When he came to Pratt & Whitney Canada (P&WC) in 1981 at the development stage of the program, Gaétan’s mission was to calculate the engine’s weight and center of gravity using paper plans. Given that the parts and castings of the PW100 engine were among the most complex ever produced at P&WC, the drawings of certain parts could be twenty pages long… Calculating the weight of a single part could therefore take a whole month!
This intimate knowledge of the engine has allowed Gaétan to have a wide-ranging career. He spent four years in Singapore as a technical representative, and then returned to Longueuil to fulfill the same position. He is presently Quality Manager and works closely with our customers.
The PW100 is the engine of choice it is today thanks, in part, to Gaétan Lauzier, who has been a member of the P&WC team for 33 years.
He is one of the committed and dependable people who have helped build the P&WC traditions of innovation and excellence. Thank you, Gaétan.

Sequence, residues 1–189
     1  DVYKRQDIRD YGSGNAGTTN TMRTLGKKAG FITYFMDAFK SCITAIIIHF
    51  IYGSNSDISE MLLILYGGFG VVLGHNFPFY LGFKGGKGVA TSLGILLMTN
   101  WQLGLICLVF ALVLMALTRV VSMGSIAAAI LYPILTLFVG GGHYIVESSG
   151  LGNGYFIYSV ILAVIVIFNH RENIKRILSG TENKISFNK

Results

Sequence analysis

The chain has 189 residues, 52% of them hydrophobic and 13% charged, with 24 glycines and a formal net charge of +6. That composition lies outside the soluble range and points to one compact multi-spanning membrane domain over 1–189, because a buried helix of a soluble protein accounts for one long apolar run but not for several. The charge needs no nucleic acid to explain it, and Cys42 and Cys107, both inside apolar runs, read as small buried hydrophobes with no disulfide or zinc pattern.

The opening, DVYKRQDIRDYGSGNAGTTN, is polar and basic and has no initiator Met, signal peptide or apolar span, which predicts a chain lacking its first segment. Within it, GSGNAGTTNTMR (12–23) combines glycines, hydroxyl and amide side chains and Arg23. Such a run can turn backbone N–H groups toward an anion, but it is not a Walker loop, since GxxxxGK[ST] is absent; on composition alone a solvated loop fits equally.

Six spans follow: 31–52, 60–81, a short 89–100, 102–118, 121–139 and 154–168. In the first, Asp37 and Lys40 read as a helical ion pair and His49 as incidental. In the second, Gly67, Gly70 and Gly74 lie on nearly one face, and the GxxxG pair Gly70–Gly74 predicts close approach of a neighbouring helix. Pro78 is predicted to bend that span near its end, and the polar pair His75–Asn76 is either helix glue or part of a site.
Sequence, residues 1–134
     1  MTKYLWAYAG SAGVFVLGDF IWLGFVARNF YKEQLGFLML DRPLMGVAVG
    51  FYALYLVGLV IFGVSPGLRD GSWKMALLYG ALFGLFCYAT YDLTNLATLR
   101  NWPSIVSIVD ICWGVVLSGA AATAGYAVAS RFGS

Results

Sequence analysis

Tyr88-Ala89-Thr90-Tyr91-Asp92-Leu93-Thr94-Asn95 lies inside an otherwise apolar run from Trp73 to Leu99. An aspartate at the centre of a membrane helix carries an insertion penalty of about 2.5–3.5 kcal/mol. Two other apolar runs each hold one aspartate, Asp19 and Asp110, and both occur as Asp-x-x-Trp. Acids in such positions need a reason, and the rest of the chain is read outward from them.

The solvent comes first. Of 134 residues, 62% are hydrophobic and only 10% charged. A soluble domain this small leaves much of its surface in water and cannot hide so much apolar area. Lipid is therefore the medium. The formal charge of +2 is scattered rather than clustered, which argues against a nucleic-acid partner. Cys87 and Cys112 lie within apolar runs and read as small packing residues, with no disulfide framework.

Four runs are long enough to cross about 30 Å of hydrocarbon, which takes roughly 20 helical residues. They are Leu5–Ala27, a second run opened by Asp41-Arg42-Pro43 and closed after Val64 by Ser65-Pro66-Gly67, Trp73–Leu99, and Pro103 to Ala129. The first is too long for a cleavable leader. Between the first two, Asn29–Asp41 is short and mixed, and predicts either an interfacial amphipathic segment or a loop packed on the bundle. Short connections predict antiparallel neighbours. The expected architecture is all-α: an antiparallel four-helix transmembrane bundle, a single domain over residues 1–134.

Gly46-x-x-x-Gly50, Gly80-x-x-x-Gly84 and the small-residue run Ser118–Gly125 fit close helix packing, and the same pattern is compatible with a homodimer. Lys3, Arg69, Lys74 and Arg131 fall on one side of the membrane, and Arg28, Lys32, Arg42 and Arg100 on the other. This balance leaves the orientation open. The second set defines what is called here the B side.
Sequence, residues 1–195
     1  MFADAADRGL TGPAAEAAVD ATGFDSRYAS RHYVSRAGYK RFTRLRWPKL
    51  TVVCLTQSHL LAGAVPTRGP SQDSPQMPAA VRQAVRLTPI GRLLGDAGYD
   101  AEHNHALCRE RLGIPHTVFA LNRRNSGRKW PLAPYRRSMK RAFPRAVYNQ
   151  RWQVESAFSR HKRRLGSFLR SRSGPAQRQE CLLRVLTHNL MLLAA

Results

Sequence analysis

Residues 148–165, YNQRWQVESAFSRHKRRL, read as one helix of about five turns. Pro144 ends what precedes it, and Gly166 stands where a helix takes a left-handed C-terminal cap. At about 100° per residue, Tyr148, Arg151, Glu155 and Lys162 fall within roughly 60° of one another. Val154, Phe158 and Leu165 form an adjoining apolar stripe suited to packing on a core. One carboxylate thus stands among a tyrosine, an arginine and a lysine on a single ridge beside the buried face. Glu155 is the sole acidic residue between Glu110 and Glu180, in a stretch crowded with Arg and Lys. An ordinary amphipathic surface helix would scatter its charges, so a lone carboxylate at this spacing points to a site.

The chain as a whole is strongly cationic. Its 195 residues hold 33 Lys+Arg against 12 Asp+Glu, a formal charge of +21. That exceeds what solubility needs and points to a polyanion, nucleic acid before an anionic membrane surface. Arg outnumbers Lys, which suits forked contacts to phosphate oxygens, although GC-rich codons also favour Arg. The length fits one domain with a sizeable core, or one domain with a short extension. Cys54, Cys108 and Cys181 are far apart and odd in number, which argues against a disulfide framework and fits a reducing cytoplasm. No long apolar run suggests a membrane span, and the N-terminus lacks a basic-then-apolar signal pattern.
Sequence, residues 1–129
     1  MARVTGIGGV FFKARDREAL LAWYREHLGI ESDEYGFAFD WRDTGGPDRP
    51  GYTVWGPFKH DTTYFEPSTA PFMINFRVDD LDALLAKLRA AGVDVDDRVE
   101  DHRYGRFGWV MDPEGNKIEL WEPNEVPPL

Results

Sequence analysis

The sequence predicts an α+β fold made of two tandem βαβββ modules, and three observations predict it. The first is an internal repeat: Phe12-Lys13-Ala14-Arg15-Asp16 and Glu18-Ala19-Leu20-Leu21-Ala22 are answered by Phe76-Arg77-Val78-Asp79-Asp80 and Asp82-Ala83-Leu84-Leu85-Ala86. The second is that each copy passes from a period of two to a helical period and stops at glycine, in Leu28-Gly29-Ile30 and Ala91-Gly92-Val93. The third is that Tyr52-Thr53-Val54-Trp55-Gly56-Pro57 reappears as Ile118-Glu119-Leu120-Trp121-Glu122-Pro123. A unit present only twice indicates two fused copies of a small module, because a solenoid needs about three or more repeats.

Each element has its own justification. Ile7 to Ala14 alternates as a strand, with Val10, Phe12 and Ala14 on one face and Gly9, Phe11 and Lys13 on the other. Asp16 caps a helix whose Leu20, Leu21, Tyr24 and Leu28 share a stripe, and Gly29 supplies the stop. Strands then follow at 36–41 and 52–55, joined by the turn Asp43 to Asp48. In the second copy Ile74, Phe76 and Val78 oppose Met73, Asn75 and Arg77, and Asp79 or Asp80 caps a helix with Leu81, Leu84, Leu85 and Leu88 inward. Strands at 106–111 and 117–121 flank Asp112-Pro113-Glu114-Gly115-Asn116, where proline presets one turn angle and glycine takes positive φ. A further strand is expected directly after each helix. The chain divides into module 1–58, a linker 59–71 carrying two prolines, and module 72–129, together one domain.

Over the course of 30 years, a great many people at P&WC have contributed to the immense success of the PW100. To celebrate the engine that revolutionized the global regional market, we issued an appeal and asked for the names of those who have left their mark on its design, build and evolution.
We received over 150 names! As planned, we picked 30 names for the 30th anniversary of a December day in 1984, when two P&WC PW120A engines powered the first commercial flight of a Dash 8-100 from de Havilland Aircraft, soaring to the sound of bagpipes from Sault Ste. Marie to Kapuskasing, Timmins and Sudbury in Ontario, Canada.